And despite having widely exhibited since the 1970s—and having collaborated with magazines such as I-D, Interview, and Vogue—the Swiss photographer Walter Pfeiffer still remains a rather marginal figure when compared to those he has influenced such as Nan Goldin, Wolfgang Tillmans, Jack Pierson, Ryan McGinley, or others who continue to explore the poetry inherent in photographing one’s friends (or interiors, fruits, socks, and whatnots). The images presented here give an important account of Pfeiffer’s outstanding body of work.
At Artissima Lido this year, independent spaces were paired up with lesser-known art-related institutions that allowed visitors to discover fascinating organizations (outside of the contemporary art realm) with incredible venues. At the Museum of Resistance, Deportation, War, Human Rights and Freedom, for instance, one could see an impressive selection of (mostly) Lebanese films on the theme of resistance, conceived by curators Marwa and Mirene Arsanios (the founders of 98weeks). The cinema in this museum, with its red velvet chairs and intimate environment, is the perfect, if paradoxically plush, setting for viewing these films.
Andrew Berardini (critic) and Lauren Mackler (of Public Fiction), the curators of “Treating Shadows as Real Things,” also created an impressive dialogue with an unusual location. Presented in the Church of the Holy Shroud, the show makes use of illusion and reflection—typical Baroque features—to produce a disorienting physical experience. A mirror was placed on the floor of the nave, thus not only upending the physical space of the church, but also doubling all the artworks that were arranged on top of the looking glass, such as Samara Golden’s set of Masks (2012) or De Chirico’s painting Metaphysical Interior (1950), which is very “meta” here, indeed, as the plazas that inspired De Chirico were those of Turin.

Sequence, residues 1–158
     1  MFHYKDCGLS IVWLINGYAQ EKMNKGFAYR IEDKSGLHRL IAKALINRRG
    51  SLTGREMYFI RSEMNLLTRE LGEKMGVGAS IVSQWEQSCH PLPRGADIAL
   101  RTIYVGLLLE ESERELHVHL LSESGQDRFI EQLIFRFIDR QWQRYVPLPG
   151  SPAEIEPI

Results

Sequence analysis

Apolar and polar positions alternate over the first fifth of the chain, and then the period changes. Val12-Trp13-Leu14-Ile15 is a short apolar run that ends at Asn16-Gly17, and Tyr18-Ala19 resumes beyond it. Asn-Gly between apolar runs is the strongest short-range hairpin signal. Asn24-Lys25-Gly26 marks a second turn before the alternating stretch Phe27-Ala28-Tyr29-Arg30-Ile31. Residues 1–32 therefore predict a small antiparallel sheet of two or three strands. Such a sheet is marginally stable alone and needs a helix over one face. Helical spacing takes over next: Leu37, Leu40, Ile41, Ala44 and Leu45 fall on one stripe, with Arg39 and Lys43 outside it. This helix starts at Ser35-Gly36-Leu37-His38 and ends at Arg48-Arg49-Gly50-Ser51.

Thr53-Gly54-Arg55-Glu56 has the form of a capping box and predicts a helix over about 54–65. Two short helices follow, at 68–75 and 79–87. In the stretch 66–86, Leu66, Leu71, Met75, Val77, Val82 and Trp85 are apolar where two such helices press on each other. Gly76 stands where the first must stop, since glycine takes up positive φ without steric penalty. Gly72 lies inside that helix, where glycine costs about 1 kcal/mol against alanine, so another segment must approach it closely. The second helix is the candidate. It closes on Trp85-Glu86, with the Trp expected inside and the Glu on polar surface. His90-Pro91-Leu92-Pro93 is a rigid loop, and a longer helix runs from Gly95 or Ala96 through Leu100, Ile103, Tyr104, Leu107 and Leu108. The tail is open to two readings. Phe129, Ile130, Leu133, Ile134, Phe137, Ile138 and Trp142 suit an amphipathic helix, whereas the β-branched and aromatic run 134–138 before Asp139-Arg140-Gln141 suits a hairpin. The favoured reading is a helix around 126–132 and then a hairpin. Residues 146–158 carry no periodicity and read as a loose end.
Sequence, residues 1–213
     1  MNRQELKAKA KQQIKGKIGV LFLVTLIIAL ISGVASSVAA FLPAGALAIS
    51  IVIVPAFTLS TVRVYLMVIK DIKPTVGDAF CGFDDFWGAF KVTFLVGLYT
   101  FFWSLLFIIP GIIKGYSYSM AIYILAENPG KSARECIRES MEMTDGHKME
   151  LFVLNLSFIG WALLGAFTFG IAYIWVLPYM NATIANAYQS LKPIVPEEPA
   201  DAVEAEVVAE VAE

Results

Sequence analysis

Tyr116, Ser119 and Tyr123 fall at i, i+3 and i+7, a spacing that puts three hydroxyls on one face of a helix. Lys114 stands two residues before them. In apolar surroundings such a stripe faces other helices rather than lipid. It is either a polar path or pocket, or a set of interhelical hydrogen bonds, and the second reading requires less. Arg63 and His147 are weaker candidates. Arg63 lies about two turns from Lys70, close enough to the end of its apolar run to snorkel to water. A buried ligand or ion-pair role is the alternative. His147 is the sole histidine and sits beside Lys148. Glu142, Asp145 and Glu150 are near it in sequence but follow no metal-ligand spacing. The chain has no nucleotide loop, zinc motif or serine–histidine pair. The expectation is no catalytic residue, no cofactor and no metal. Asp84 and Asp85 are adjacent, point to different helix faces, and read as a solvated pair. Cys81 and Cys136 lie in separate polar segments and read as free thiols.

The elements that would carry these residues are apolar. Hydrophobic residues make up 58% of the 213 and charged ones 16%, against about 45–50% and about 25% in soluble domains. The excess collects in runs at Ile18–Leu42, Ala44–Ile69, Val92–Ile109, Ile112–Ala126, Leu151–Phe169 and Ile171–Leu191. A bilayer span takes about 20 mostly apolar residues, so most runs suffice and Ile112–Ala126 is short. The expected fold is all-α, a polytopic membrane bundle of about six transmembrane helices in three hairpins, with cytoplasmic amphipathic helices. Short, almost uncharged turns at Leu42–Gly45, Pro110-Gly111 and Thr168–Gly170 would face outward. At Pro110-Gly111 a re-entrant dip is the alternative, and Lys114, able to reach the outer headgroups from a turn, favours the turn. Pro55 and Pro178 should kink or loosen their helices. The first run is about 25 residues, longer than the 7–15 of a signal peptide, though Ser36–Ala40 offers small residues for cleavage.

In the National Archives, curated by the Parisian Irmavep Club, Phillip Sollmann’s Freeze (divided sensations) (2012), consists of an audio installation divided up between the radial building’s four wings. These four different soundscapes produce a parted soundtrack for an archive, replicating its conditions of segregation. Ambient sounds, white noise, the voice of a man singing: variations, segregated down different alleys, yes, and part of an art fair—an art fair by any other name smells just as sweet.
- 1View of Artissima fair. Image courtesy of Artissima. Photo, Enrico Frignani.
- 2View of Peres Projects, Los Angeles/Berlin at Artissima fair, 2012. Photo, Filipa Ramos.
- 3Piero Fogliati, Prisma Meccanico, 1967 (1970). Courtesy Gagliardi Art System, Turin. Photo, Filipa Ramos.
- 4Walter Pfeiffer, Untilted, 1974. Color photograph. Courtesy of Gallery Sultana, Paris.
- 5Daniel Steegmann Mangrané, 16mm, 2008/11. Courtesy Mendes Wood, São Paulo. Photo, Filipa Ramos.
- 6View of Artissima Lido Project, "Treating Shadows as Real Things," by Public Fiction, Los Angeles. Museo Della Sindone, Turin. Photo, Filipa Ramos.
- 7View of Artissima Lido Project, Jacob Jessen, Untitled (weightless), 2012. Part of "Libretto VI," curated by Irmavep Club, Paris. National Archives, Turin. Photo, Filipa Ramos.